By Martijn Pleines
Simulations are complex products. They are more difficult and expensive to produce then other games. On the publishers side, they need all the artwork, sound effects and playability features that a 'regular' game needs and lots of research and background information besides. From a user's perspective, she/he will need a lot of documentation to guide her/him along what is usually quite a steep learning curve, so she/he can appreciate and enjoy the product in all its detail.
Originally, on-line documentation was provided to enhance the printed documentation, not to replace it. On-line documentation can have certain advantages over printed documentation if more sophisticated search facilities, hyperlinks and multi-media presentations have been implemented, as in Flight Simulator 2000, where the on-line documentation complements rather than replaces the paper manual. Lately however, we're experiencing a different style of on-line documentation and it is actually replacing the printed material: Acrobat PDF files that add little or nothing in the way of features compared to printed media. On the contrary.
Try following a detailed tutorial while switching back and forth between the simulation and Acrobat. The reader application is taking away system resources from the sim. It's distracting to have to juggle the windows around, to have to pause and unpause the sim all the time just because you need to look something up, even if it's only a key-combination. Isn't it much better to have that manual in your lap (and no, not everyone has a laptop!), so you can browse and leaf through that while the simulation is running along merrily on the computer? A book that you can take with you on the train to work, or read in bed, or when someone else is using the computer?
So there you are, with your brand new software, eager to get started...but oh, no...you will have to spend a couple of evenings printing out the documentation first! Most users, equipped with only a slow inkjet printer, simply do not have the resources to produce a conveniently sized and well-bound manual; they will end up with an unwieldy sheaf of letter-or DINA4-sized pages either stapled together or in a big binder that won't fit in any software box. Better than on-screen reading surely, but still not as convenient as the smaller, well-made booklet that only a professional publisher could have provided. More often than not, the layout of the electronic manual isn't suited to inkjet printing anyway, with text on tinted backgrounds or images becoming unclear. With the large amount of stuff to print, users are bound to run out of ink or paper, so the work will have to be carried over until the next evening, or worse, until after the weekend...and in the end, it will have cost them more than what a mass-produced manual would have added to the price of the software in the first place.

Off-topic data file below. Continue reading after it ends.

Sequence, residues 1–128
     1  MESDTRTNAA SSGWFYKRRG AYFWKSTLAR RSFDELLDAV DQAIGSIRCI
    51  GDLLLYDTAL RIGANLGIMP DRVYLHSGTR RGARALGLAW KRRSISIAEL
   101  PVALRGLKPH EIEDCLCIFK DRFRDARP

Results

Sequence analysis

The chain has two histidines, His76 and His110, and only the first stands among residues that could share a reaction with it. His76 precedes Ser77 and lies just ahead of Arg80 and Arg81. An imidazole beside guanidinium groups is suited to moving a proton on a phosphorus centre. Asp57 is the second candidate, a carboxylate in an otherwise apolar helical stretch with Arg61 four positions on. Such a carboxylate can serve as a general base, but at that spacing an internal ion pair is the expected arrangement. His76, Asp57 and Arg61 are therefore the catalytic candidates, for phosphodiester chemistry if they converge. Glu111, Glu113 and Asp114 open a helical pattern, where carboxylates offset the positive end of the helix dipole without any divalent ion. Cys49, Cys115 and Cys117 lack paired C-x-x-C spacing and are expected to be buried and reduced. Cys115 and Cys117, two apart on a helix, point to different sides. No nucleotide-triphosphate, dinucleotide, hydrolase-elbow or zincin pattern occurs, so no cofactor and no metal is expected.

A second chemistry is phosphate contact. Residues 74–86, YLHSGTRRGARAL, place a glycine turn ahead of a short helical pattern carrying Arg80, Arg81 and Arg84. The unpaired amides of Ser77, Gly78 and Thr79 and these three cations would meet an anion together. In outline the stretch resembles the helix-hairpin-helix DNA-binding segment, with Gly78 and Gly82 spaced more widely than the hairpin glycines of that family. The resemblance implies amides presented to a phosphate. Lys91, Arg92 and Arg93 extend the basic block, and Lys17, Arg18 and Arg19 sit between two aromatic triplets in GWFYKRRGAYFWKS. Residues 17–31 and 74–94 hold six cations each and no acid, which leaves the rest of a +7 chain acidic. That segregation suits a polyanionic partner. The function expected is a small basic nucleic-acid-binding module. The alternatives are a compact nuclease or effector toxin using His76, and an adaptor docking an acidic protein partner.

On a more personal note, I've just finished printing Wilco's 767 PIC documentation...all 300-odd pages of it. Actually, I bought the package (boxed) a couple of months ago, installed it, then put it away as I could not find the time to print all that stuff at that point. Only recently have I found enough time to finish printing it, which took three evenings. As it turns out, I'm very pleased with 767 PIC, but I could have started enjoying it a lot sooner if a proper manual had been included in the first place.
My spare time is limited. I don't want to sit around watching my printer churn out 100 pages or so for two or three evenings on end. And you do have to monitor that process, in case a color runs out or the paper gets stuck or whatever. It's too distracting to do anything else with the computer while that is going on.
Mind you, I didn't return 767 PIC to the shop, as I did with Microsoft's Train Simulator! I was disgusted to find that that big, expensive box was filled with 95% air, and just an install folder instead of a proper manual. Well, I'm not particularly interested in trains, but I love any kind of serious simulation, and I was looking forward to getting to know the world of rail. Unlike 767 PIC however, where I felt I knew what to expect, I wasn't prepared to go through all the rigmarole of having to print yet another thick manual, so I decided not to persevere and returned Train-Sim to the shop. To be honest, there were problems with the CDs too; however, the point is, had there been proper manual, I might have been drawn in and become involved anyway-and I probably would have been working on my local rail network scenery right now.
I'm sure many users would not mind paying a fair bit extra for a well-documented simulation. This is exactly the reason why I have always preferred buying the more expensive boxed version even if a cheap download version was available on the net. Instead, I fear that many potential users will be turned away from simulations altogether if they keep finding themselves confronted with complex software but without the means to get into it in a more convenient manner. Having to print out manuals first is just another hurdle on an already steep learning curve.
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